Could CHILLIS hold the key to curing migraines Scientists discover they hold clues to how the body deals with pain
There are similarities between what happens to brain during a migraine and how skin reacts to chilli oilWhen chilli touches the skin, it causes the release of a substance called CGRP, which increases blood flow Now hoped migraine drugs could be developed using same mechanism, to block pain signals
15:19 GMT, 23 April 2013
17:13 GMT, 23 April 2013
Chilli peppers are providing scientists with vital clues on how to cure migraines.
Research has found there are striking similarities between what happens in the brain during a migraine and the way skin reacts to having chilli oil rubbed into it.
Now, scientists are using the way the body deals with chilli to develop migraine drugs.
Research has found there are striking similarities between what happens in the brain during a migraine and the way skin reacts to having chilli oil rubbed into it
They found that when chilli oil touches the skin, the capsaicin in the
pepper causes the body to release calcitonin gene-related peptides, or CGRP, leading to an increase in blood flow to the affected area.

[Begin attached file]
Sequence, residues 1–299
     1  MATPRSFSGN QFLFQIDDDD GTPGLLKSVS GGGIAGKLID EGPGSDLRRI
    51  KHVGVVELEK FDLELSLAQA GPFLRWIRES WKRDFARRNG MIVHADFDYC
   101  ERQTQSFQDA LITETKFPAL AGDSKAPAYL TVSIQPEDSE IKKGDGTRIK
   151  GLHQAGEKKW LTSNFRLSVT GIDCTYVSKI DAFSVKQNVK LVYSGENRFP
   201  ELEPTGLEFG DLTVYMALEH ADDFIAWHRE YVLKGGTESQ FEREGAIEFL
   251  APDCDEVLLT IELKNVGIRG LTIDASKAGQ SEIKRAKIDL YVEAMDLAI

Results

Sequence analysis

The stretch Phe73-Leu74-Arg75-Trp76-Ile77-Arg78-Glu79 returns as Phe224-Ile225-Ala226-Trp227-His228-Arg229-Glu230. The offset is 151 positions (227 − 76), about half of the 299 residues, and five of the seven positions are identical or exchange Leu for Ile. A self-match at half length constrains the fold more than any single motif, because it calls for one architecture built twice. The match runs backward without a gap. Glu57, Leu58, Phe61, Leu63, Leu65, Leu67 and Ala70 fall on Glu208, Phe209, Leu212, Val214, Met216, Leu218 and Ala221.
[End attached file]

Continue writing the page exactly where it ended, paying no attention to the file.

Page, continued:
are now targeting a chemical released during a migraine that carries a 'pain' signal from nerve to nerve.
By blocking a nerve receptor from receiving
the message, these companies hope to develop drugs that prevent debilitating attacks.
One company developing a migraine drug is Amgen. To test the chilli theory, researchers injected the proposed drug under the skin
of patients who had chilli oil on their skin.
The drug blocked the
CGRP that causes increased blood flow.
Biotechnology companies are now targeting a chemical released during a migraine that carries a 'pain' signal from nerve to nerve
One theory is that migraines are caused by enlarged blood vessels.
And by blocking a receptor in the brain from
receiving the message, migraines could be avoided completely, Peter
Goadsby, director of the University of California, San Francisco’s
Headache Centre, told Bloomberg.
'What these antibody approaches hope to do is to either block the receptor or mop up the CGRP itself,' he said.
Despite being such a common problem, no drugs have been 'developed specifically for the treatment of migraines', Rob
Lenz, who is leading the migraine drug development for pharmaceutical company Amgen.
'They were developed as anti-epileptics, or blood pressure lowering agent,' he told the website.
Currently, the most widely used medication for migraines is triptans, which constrict blood vessels
in the brain to relieve swelling and pain. But these are only taken once migraines are in full swing.
Botox is also approved as a preventative treatment for migraines, though only for severe sufferers.
It is thought the new type of drug being developed would be for people who suffer migraines less often.